It is common to find Aminul Azim Hj Zainasallehen sitting still as stone in front of one of his many brightly-lit aquariums, vacantly observing for sometimes hours with nothing but a cup of coffee in one hand.
There is a sense of content in his dreamy gaze as he watches the vibrantly coloured tenants flutter about the fish tank; but these are not just mere fish in a community aquarium, in fact, they are ornamental shrimp and each individual is no larger than a literal thumbnail.
The 29-year-old Aminul, may possibly be one of the biggest ornamental shrimp breeders in Brunei who founded Shrimpculture Enterprise in late 2018 from the comfort of his own bedroom which housed his first two ornamental shrimp aquariums.
“I always had a passion for fishkeeping since I was a kid. When I was 12, I was gifted with an aquarium set-up I could call my own and that passion expanded even more from there,” Aminul shared.
Despite his prior experience, however, ornamental shrimp were uncharted waters for the aquarist, who at the time cared for only a handful of aquariums which fell by the wayside due to pursuing his studies abroad.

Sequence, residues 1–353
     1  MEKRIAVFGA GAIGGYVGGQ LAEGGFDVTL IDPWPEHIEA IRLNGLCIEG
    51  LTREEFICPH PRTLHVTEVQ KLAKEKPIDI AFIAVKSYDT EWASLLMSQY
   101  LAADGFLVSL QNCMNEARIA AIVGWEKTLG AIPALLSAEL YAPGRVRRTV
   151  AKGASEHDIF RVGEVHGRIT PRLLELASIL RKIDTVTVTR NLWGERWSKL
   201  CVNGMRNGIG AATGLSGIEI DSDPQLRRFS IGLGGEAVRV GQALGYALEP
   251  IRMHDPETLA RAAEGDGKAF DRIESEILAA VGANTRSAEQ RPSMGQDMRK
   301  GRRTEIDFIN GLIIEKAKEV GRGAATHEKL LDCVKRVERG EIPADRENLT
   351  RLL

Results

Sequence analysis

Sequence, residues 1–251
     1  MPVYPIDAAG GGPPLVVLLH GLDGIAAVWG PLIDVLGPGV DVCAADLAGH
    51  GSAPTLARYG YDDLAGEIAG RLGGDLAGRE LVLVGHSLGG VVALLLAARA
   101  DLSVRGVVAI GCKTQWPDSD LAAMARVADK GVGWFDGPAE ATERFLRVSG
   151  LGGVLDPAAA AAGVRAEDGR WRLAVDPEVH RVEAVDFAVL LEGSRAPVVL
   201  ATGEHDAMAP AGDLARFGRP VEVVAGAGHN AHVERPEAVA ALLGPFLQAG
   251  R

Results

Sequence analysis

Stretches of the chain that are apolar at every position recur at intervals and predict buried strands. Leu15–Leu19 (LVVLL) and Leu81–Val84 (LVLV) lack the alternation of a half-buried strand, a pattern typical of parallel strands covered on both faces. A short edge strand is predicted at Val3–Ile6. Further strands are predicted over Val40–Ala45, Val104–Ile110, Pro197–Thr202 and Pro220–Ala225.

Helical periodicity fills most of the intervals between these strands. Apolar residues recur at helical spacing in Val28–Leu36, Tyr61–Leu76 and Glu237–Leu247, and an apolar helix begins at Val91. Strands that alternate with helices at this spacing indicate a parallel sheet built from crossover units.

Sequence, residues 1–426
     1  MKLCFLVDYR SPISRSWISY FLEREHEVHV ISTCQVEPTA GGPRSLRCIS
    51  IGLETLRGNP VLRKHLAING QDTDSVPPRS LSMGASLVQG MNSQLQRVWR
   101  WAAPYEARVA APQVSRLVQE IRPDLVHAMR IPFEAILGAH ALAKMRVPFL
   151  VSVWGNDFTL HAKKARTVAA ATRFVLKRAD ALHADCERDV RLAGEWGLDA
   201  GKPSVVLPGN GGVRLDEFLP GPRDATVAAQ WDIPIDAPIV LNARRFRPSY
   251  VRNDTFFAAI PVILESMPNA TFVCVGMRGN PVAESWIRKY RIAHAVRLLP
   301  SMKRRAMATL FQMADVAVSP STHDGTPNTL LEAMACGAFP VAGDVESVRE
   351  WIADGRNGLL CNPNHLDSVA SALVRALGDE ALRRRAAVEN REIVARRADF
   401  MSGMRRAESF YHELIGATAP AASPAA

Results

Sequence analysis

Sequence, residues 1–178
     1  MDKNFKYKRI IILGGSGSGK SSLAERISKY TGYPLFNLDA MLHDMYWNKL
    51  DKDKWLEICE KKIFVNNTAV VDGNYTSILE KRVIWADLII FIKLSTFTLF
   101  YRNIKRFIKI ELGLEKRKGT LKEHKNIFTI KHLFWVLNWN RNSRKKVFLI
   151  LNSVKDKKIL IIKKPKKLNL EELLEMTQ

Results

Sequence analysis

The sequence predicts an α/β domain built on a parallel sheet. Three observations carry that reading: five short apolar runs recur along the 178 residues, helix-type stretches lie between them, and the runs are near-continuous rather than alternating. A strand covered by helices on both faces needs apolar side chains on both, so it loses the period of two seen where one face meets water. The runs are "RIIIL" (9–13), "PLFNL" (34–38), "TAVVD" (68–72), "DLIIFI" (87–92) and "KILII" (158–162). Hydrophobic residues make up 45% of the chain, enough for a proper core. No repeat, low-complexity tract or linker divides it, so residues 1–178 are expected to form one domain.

“When I was overseas, I lost all if not most of my fish so when I got back to Brunei in late 2018, one of the first things I did was visit some aquarium shops,” he shared.
It was then where Aminul saw his first ornamental shrimp face-to-face, the Red Cherry shrimp, now considered a common variety from the genus Neocaridina, one of the two main genera of ornamental shrimp that are largely bred and traded within this niche industry, the other being the Caridina genus.
“That was when it started, my first batch. I bought about 40 or 50 of them thinking that my years as an aquarist would make it easy, but within the next few days, all of them died,” he added.
The learning curve
“Right after, I did my research and found out that ornamental shrimp needed much more care than I initially thought and I think that this was one of the factors why they never really took off in Brunei,” said the shrimp breeder.
He shared that in 2018 and the years prior, though ornamental shrimp were available in the local market, they were few and far in between.
Those that do carry them however, only featured the Neocaridina, the “easier to care” and more “common” genus between the two main genera.
Due to this, knowledge on effective ornamental shrimp care in Brunei was scarce which led him to his own research and discovery of the aquatic parameters for shrimp.
“The tank’s water temperature, its pH value as well as its total dissolved solids (TDS) which indicates the amount of minerals in the aquarium water, these are the three main aspects that a shrimp keeper must keep in mind,” he said.
“Shrimps are sensitive; one thing off and the mortality rate will increase or their growth becomes stunted due to the inability to molt. They also need to be housed in a tank with a full nitrate cycle as even a hint of ammonia can kill them,” he added.